<a href="https://www.nytimes.com/2020/07/31/us/politics/trump-campaign-tv-advertising.html" target="_blank" rel="noopener noreferrer">Trump Campaign Halts TV Ads as He Struggles in Polls Against Biden</a>  <font color="#6f6f6f">The New York Times</font>

The six-day pause was ordered by the president’s new campaign manager, Bill Stepien.

President Trump will be launching “a new ad campaign” on Monday.Credit…Al Drago for The New York Times

Since Joseph R. Biden Jr. became the presumptive Democratic nominee for president in April, the Trump campaign has spent $72 million in television advertising attacking the former vice president, with ads that veered rapidly on topics ranging from China to Mr. Biden’s age to policing policies. None significantly slowed Mr. Biden’s rising poll numbers.

On Tuesday, the messaging behemoth that has been the Trump campaign ground to a halt, as it temporarily suspended all television advertising nationwide in order to review its strategy under its new campaign manager, Bill Stepien.

While the pause will likely be short-lived — in a tweet on Friday afternoon, the president said that they would be launching “a new ad campaign” on Monday — the sudden decision is yet another sign that the campaign is reckoning with a yawning deficit in battleground state polling and an inability to find a defining message against Mr. Biden.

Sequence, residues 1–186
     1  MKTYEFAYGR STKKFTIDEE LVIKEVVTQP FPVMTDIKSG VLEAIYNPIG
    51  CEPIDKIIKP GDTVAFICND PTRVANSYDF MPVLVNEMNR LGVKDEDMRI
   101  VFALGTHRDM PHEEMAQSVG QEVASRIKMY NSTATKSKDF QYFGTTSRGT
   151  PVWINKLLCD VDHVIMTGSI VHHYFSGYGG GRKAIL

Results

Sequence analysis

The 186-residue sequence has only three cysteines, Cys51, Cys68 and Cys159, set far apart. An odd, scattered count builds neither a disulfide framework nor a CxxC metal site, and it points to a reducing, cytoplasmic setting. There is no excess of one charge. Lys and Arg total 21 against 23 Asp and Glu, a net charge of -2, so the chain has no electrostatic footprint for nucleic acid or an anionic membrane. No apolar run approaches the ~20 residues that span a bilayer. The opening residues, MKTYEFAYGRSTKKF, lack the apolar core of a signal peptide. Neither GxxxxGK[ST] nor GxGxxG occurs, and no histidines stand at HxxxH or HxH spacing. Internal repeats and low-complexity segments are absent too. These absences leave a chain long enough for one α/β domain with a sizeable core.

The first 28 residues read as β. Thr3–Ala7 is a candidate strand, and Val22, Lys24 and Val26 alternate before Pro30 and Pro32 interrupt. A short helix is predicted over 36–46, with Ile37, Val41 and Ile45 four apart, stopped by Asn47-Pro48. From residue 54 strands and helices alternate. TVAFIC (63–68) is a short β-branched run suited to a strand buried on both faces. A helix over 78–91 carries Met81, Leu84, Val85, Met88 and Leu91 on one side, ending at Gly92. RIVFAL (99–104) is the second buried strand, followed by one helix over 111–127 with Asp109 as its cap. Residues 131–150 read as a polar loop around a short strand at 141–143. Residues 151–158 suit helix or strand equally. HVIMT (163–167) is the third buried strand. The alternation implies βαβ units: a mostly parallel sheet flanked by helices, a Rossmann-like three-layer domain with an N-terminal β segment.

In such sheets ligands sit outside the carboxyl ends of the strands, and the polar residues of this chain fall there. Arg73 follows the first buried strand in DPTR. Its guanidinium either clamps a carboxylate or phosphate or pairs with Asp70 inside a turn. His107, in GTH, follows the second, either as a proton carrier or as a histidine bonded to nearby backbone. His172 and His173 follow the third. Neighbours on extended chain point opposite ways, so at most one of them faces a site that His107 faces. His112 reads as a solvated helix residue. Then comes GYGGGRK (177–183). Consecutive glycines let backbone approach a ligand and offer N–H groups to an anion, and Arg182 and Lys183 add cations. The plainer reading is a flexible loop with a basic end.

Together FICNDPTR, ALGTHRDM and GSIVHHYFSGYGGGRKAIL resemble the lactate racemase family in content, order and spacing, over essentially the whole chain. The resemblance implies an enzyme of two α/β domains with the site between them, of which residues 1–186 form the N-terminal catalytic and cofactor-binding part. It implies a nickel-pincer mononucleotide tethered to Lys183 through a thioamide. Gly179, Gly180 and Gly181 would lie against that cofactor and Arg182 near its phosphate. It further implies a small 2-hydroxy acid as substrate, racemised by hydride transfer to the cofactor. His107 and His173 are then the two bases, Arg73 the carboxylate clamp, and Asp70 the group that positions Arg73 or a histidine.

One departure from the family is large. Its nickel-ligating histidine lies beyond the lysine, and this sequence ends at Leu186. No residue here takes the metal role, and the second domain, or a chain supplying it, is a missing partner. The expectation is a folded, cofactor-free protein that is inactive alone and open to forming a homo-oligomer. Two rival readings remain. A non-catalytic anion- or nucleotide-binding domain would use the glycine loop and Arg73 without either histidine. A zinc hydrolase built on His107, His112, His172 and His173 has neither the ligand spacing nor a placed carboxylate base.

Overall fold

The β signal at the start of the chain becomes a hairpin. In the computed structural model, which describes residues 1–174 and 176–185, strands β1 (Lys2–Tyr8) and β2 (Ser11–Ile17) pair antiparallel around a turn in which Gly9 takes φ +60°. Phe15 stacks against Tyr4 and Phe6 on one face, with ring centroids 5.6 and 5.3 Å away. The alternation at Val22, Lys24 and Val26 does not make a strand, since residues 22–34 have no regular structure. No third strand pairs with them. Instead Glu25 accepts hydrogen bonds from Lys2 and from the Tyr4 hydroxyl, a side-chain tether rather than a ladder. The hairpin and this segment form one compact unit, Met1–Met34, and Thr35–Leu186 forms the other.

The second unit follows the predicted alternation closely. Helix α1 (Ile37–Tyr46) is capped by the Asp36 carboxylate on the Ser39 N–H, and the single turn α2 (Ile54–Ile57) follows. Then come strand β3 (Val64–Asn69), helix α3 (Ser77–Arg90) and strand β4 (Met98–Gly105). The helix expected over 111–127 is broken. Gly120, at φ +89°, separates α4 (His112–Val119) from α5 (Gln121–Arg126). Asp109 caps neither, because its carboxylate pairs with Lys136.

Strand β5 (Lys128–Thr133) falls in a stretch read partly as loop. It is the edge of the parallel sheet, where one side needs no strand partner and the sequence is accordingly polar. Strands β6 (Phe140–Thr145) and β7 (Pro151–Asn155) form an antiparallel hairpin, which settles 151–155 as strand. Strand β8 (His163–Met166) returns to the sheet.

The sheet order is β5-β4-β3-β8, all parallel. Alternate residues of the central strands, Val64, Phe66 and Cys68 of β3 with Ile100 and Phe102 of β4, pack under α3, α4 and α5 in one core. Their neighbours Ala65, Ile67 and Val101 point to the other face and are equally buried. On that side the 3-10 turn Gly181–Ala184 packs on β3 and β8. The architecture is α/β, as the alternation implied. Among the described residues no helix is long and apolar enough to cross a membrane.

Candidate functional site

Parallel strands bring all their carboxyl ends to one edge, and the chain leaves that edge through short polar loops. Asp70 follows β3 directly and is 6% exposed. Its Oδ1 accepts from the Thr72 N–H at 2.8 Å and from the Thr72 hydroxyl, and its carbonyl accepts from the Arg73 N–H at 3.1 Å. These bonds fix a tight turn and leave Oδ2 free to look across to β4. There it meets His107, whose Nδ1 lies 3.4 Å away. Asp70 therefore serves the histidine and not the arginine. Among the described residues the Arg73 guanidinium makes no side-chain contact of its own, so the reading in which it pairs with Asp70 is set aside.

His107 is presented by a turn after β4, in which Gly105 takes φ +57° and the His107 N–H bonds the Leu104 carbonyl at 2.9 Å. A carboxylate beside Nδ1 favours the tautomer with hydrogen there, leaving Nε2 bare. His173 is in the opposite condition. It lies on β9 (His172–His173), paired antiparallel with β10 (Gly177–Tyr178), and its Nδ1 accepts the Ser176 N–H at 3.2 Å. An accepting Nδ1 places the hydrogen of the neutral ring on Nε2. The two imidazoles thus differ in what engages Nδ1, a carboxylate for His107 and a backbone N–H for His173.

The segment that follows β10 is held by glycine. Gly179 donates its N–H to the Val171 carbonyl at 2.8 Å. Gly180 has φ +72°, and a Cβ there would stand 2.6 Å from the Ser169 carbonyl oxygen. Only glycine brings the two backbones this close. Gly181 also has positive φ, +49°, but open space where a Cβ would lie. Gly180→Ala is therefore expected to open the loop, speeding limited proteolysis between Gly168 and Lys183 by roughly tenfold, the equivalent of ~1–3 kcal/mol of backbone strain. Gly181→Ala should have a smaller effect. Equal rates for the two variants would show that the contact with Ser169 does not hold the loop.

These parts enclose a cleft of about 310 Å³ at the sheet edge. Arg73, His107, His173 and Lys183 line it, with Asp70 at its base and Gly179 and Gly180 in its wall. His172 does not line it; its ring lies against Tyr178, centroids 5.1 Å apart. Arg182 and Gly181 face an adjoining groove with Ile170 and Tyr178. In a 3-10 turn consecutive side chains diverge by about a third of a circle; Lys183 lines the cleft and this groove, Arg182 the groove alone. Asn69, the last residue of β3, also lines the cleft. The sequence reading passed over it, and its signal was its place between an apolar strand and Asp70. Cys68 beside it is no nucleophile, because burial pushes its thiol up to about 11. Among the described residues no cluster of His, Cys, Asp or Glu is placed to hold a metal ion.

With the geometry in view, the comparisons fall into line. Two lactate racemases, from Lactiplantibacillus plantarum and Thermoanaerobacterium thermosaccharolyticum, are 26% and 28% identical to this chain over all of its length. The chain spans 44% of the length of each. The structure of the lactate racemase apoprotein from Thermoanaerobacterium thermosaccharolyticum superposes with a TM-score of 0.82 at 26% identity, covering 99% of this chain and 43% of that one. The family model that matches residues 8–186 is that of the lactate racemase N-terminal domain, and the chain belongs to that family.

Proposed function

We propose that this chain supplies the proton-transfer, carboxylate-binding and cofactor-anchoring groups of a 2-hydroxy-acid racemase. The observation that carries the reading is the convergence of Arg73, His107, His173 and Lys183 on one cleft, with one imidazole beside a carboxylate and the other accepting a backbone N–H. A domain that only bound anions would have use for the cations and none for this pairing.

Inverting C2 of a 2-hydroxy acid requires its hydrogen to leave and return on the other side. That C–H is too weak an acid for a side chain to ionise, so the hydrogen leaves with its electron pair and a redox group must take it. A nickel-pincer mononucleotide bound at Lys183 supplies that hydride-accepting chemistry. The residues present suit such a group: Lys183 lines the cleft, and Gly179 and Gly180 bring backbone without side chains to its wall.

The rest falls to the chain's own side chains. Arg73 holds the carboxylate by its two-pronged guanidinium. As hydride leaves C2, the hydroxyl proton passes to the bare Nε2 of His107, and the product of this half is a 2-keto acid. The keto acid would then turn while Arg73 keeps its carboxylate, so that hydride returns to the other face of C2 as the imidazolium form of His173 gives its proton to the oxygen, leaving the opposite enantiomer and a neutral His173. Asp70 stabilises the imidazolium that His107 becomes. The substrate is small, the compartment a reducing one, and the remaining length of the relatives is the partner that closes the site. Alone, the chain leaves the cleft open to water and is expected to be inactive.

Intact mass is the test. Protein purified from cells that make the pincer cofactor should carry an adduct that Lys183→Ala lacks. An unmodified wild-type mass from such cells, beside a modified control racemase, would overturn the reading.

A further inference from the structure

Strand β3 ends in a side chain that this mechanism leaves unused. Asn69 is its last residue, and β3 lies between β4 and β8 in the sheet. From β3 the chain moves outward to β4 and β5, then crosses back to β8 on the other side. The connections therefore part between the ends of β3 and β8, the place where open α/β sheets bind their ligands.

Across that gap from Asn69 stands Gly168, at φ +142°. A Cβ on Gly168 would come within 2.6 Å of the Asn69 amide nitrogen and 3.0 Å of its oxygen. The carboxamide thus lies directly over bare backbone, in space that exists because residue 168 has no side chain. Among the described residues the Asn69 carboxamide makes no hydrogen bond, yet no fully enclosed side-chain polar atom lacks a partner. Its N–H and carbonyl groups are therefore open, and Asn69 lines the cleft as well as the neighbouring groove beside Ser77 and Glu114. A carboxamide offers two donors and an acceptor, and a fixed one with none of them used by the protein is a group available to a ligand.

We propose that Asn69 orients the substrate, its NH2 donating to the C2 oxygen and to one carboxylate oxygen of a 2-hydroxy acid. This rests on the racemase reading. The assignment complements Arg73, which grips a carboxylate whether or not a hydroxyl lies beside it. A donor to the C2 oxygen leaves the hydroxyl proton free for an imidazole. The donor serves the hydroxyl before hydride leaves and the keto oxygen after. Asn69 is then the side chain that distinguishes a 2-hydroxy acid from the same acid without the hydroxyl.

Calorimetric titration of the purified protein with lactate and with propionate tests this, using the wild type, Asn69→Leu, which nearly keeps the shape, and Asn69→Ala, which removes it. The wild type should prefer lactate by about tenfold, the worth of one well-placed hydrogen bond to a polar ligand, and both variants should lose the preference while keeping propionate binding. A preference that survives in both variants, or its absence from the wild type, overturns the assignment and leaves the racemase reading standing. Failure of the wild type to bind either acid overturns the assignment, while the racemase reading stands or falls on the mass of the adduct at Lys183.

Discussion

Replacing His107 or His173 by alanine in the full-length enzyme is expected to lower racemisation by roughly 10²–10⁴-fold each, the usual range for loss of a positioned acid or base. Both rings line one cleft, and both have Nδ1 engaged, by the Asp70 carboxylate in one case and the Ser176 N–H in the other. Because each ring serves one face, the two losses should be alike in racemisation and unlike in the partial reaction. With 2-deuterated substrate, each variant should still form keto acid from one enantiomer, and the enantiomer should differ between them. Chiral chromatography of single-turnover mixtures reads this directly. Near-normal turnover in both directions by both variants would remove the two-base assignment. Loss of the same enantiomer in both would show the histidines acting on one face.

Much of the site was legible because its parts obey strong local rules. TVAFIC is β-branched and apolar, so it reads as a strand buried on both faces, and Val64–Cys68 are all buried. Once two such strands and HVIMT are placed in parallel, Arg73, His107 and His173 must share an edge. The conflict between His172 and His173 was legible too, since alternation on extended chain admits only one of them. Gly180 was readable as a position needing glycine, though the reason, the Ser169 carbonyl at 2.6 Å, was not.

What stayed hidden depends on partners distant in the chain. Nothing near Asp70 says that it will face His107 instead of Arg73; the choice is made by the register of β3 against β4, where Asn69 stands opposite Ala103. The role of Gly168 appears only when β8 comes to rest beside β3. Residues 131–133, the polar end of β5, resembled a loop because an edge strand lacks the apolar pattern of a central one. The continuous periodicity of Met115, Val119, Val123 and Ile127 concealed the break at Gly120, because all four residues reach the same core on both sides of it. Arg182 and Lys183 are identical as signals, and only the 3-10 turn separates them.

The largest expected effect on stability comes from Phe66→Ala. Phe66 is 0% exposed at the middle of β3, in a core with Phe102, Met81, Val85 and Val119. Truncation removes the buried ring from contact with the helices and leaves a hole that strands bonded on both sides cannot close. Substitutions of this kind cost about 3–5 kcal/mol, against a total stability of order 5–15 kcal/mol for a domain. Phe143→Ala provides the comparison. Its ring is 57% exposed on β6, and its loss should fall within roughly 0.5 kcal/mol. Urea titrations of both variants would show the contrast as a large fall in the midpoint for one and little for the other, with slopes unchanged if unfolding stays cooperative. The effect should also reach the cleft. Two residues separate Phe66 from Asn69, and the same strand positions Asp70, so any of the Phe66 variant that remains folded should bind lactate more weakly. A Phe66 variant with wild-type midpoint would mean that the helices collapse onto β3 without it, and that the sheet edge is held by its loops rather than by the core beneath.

President Trump on Friday made the decision to resume television ads on Monday after a phone conversation with Mr. Stepien and Jason Miller, a senior strategist on the campaign, to discuss their review. The first ad, seeking to define Mr. Biden as both a failure and a tool of the extreme left, was part of a national ad buy. But a campaign official said the next round of advertising would focus specifically on states that begin voting early.

However brief, such a halt is unusual within the final 100 days of a presidential election, though it is unlikely that the six-day pause will have a significant impact one way or another on the Trump campaign’s ability to persuade voters come November. And the campaign sought to downplay its significance, tying it to the arrival of Mr. Stepien, who took over from Brad Parscale earlier this month.

Campaign officials noted that in 2016, Mr. Trump had not run a single television ad at this point in the race. But Mr. Trump’s first campaign was a shoestring operation, with little staff and minimal funds, while his 2020 team is sprawling, with $295 million in cash on hand and more than 1,500 staff members in the field.

Indeed, the pause is noteworthy given the size of Mr. Trump’s advertising effort up till now: Since last January, the campaign has spent $202 million in television and digital advertising, according to Advertising Analytics, an ad tracking firm. Mr. Biden, by comparison, has spent about $95 million over the same period.